Attempts by Angela Merkel to form a coalition government and secure her fourth term as German chancellor broke down late Sunday night after the pro-business Free Democrats walked out of the talks.

Judy Dempsey
Dempsey is a nonresident senior fellow at Carnegie Europe and editor in chief of Strategic Europe.
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“Today there was no progress but rather there were setbacks because specific compromises were questioned,” Free Democrat leader Christian Lindner said. “It is better not to rule than to rule the wrong way. Goodbye!”

Merkel, long known for her skills at forging compromises, was visibly taken aback by Lindner’s decision.

“It’s a day at the very least for a profound examination of Germany’s future,” Merkel told reporters after the talks ended. “As chancellor, as caretaker chancellor, I will do everything to make sure this country continues to be well governed through the tough weeks ahead,” she added.

No matter what Merkel does next, Germany has become Europe’s latest problem. The expectation that the country, under Merkel’s helm, would be predictable and stable is no longer a given.

The EU has been dealt a severe blow at a time when Brexit talks remain bogged down, when the eurozone is in need of reform, and when French President Emmanuel Macron had been waiting for Merkel to head a new government so that both leaders could press ahead with shaping Europe. For the moment, Macron is alone in his quest to change the EU.

It was never going to be easy for Merkel to forge a coalition of the Christian Democrats (CDU), the Christian Social Union (CSU), the Free Democrats, and the Greens.

The “Jamaica coalition” (so-called because of the symbolic colors of the parties are also the colors of the Jamaican flag) was beset by major differences right from the beginning of the negotiations.

The refugee and asylum issue was just one of the contentious issues in the coalition talks.

The heavy losses suffered by the conservative bloc during September’s federal election were blamed on Merkel’s “open door” policy, which led to more than one million refugees entering the country in 2015. As a result, the far-right, anti-migration party Alternative for Germany (AfD) won more than 12 percent of this year’s vote—and entered the Bundestag for the first time with 94 seats. That result made it the third largest party in the parliament.

During the coalition negotiations, Horst Seehofer, leader of the CSU, which is based in Bavaria, was persistent about a cap on asylum seekers, in addition to opposing family unification. Seehofer was desperate to be as tough as possible so as to roll back the popularity of the AfD ahead of next year’s state elections. In short, his sights over the past four weeks were about milking the talks as much as possible in order to shore up the CSU in Bavaria.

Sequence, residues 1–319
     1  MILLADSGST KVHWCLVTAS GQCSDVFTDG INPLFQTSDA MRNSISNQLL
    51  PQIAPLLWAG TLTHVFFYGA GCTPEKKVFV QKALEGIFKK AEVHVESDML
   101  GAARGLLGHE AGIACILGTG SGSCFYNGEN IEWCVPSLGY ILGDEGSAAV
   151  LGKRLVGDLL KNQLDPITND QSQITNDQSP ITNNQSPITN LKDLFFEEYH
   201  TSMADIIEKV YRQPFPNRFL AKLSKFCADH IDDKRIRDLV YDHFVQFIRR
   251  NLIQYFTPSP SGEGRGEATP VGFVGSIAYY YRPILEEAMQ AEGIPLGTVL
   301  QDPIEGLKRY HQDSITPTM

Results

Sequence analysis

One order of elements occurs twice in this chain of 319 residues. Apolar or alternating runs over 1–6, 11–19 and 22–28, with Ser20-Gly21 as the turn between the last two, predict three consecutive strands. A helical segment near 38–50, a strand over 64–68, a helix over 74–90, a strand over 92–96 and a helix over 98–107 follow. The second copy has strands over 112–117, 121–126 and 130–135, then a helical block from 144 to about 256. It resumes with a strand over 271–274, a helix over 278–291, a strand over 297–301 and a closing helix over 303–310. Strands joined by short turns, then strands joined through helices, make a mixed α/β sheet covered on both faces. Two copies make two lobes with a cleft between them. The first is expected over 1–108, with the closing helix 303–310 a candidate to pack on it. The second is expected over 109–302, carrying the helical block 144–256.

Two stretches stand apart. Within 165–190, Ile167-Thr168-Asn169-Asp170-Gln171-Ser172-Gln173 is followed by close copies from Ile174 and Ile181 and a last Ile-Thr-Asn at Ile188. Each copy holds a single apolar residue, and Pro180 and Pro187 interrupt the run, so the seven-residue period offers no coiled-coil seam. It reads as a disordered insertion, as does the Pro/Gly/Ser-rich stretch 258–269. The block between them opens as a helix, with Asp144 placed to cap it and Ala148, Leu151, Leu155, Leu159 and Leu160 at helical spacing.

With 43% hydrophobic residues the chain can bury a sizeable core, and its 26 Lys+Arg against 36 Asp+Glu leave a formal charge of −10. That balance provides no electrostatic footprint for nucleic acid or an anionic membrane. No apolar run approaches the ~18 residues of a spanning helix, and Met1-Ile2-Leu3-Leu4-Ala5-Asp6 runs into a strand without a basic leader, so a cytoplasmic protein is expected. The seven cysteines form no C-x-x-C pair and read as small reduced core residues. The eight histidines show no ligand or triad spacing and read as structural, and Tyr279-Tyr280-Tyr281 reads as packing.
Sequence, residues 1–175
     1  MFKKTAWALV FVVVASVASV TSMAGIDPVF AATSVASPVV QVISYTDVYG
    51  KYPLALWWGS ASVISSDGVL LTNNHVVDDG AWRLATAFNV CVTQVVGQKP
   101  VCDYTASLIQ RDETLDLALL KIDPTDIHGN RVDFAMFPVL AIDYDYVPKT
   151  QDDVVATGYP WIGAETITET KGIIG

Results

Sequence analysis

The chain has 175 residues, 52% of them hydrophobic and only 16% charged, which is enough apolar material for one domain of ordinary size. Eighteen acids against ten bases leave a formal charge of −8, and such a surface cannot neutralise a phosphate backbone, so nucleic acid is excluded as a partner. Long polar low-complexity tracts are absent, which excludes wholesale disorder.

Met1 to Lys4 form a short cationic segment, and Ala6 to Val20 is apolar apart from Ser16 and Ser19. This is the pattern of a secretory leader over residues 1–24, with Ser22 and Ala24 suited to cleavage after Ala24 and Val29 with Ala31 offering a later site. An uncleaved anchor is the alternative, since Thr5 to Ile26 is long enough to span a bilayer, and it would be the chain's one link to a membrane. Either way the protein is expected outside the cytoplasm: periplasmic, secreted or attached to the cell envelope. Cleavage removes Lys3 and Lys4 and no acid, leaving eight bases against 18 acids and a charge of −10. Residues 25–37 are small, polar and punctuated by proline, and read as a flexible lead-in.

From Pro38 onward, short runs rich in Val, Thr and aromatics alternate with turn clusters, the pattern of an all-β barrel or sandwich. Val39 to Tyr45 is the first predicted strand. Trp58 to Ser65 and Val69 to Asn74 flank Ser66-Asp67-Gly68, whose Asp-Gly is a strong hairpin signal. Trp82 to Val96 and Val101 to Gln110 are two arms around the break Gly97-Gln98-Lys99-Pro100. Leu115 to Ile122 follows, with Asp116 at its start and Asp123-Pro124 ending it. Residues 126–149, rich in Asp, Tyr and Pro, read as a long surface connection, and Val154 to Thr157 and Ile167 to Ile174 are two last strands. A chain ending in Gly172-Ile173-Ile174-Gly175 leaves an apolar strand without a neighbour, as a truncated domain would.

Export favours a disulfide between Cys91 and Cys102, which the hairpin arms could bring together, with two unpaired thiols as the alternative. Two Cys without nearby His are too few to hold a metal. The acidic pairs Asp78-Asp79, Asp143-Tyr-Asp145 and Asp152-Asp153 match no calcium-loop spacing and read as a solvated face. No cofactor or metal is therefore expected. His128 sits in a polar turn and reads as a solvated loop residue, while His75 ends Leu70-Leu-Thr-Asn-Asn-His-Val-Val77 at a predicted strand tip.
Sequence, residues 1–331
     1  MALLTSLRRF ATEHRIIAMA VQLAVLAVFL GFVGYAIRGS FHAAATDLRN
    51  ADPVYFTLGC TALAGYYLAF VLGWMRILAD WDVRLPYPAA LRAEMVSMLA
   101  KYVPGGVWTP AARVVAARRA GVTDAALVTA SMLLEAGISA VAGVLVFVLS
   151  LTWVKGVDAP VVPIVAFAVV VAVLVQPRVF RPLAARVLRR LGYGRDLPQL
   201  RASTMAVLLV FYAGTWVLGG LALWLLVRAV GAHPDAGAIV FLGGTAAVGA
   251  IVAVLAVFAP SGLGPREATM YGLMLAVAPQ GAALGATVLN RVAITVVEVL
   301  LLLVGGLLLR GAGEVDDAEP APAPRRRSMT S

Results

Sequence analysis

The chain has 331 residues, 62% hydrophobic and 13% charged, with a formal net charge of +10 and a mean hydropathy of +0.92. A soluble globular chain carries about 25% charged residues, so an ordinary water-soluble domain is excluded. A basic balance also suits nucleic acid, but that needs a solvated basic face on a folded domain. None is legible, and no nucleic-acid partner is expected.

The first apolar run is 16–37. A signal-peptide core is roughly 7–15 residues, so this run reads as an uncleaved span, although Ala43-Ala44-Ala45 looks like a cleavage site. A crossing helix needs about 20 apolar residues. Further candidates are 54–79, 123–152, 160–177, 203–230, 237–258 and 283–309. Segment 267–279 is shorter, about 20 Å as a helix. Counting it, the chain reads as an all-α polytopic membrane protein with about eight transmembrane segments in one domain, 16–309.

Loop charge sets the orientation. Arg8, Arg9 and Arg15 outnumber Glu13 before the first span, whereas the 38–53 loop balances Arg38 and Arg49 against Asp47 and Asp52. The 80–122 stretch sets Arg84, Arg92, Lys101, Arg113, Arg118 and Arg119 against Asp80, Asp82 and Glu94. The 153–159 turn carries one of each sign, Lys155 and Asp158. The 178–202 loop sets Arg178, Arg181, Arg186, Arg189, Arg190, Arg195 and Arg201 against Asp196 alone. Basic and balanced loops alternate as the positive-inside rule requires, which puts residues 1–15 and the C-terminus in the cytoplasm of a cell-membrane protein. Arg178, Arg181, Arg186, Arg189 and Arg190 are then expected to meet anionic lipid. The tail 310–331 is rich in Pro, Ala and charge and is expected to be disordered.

As for the Greens, they wanted more stringent measures introduced on environment policy.

But it was the Free Democrats that were the most innovative in their proposals. Lindner wanted the new government to embrace digitization, modernize asylum laws, and introduce a long overdue tax reform. He also wanted to phase out the special “Soli” tax for eastern German states that was introduced after reunification. Unwilling to go back on his electoral promises, Lindner threw in the towel just before midnight.

‘‘A chance has been missed to go beyond ideological boundaries and agree realistic solutions,” Eric Schweitzer, head of Germany’s DIHK chamber of industry and commerce, told the Deutsche Presse-Agentur newswire. “But the DIHK is confident that all responsible parties will ultimately be capable of finding sensible compromises.” At least that’s what he hopes.

It is difficult to see Lindner returning to the negotiating table unless there’s a major shift by the parties. Besides, any trust built up over the past few weeks among these four very different political groups has been all but destroyed.

Merkel’s options are limited.

She could form a minority government, which would be unprecedented in Germany’s post-1945 era. But stability would not be guaranteed.

She could ask the Social Democrats to join another grand coalition. But there is little appetite for the SPD to prop up Merkel, which they did from 2013 to 2017 as the junior partner in her governing coalition. The SPD decided to go into the opposition after a miserable election result last September.

Merkel’s other option rests with President Frank-Walter Steinmeier, who could call new elections. But it’s hard to see Merkel’s conservative block or the other parties, with the exception of the AfD, relishing such a prospect. Indeed, Steinmeier urged all the parties to return to the talks, saying they had an obligation to their voters to do so. Besides, there is concern outside Germany about the idea that Europe's biggest economy might not be able to form a new government.

It’s also hard to see Merkel’s critics inside her own party remaining silent about their leader’s future. And here is the issue facing Merkel’s Germany. Governing the country is one thing. Leading it—with a compass and projecting new ideas—is another. What happens over the next few hours or days is anyone’s guess. One thing is certain: Europe is weaker and Germany has become unpredictable.

This article has been updated to note the German president’s urging that parties resume coalition talks.